Stabilized single-injection inactivated polio vaccine elicits a strong neutralizing immune response

Stephany Y. Tzeng, Kevin J. McHugh, Adam M. Behrens, Sviatlana Rose, James L. Sugarman, Shiran Ferber, Robert Langer, Ana Jaklenec

Research output: Contribution to journalArticlepeer-review


Vaccination in the developing world is hampered by limited patient access, which prevents individuals from receiving the multiple injections necessary for protective immunity. Here, we developed an injectable microparticle formulation of the inactivated polio vaccine (IPV) that releases multiple pulses of stable antigen over time. To accomplish this, we established an IPV stabilization strategy using cationic polymers for pH modulation to enhance traditional small-molecule–based stabilization methods. We investigated the mechanism of this strategy and showed that it was broadly applicable to all three antigens in IPV. Our lead formulations released two bursts of IPV 1 month apart, mimicking a typical vaccination schedule in the developing world. One injection of the controlled-release formulations elicited a similar or better neutralizing response in rats, considered the correlate of protection in humans, than multiple injections of liquid vaccine. This single-administration vaccine strategy has the potential to improve vaccine coverage in the developing world.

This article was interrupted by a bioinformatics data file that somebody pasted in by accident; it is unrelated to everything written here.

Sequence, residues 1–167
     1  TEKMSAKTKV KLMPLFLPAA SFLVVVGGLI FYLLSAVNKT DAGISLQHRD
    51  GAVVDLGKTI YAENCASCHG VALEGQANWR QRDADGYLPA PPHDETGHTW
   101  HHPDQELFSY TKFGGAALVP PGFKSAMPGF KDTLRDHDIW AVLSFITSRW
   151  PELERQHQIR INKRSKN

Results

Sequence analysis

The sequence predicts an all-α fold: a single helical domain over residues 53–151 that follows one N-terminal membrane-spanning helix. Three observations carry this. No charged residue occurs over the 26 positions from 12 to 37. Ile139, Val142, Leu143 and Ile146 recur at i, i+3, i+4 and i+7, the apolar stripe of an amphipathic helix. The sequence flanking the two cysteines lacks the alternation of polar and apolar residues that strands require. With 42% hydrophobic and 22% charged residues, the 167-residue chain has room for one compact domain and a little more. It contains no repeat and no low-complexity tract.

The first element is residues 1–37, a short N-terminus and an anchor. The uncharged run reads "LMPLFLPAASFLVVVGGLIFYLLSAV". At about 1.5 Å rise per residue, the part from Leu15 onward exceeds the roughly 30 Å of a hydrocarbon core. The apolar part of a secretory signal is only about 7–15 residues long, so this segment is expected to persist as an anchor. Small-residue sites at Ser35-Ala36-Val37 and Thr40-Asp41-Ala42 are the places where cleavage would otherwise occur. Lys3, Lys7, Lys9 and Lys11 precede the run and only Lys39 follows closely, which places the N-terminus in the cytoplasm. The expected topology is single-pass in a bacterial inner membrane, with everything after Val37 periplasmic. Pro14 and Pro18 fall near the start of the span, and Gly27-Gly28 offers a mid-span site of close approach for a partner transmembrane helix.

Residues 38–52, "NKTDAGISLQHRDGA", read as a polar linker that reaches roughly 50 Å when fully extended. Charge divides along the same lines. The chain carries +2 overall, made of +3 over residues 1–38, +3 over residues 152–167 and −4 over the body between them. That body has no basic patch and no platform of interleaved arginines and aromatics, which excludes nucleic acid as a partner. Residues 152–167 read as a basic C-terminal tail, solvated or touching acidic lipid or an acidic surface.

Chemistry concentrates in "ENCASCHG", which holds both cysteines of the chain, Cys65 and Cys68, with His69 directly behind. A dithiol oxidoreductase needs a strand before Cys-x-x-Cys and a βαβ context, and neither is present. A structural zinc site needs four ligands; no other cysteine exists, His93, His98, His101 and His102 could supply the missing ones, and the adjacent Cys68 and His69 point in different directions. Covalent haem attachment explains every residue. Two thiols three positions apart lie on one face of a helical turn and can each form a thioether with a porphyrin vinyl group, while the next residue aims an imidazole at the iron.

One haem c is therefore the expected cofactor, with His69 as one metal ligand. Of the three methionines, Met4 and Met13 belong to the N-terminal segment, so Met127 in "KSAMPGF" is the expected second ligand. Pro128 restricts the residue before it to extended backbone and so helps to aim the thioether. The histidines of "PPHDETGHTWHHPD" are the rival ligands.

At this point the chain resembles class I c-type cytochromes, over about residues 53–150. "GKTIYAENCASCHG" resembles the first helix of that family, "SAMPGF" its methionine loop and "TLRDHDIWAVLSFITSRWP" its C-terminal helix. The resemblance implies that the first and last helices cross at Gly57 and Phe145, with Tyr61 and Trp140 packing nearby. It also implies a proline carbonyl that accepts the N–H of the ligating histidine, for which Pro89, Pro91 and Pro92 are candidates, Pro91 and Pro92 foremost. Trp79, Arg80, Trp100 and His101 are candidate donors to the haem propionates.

Original languageEnglish (US)
Pages (from-to)E5269-E5278
JournalProceedings of the National Academy of Sciences of the United States of America
Issue number23
StatePublished - Jun 5 2018


  • Controlled release
  • Global health
  • Inactivated polio vaccine
  • Single-administration vaccines
  • Vaccine stability

ASJC Scopus subject areas

  • General


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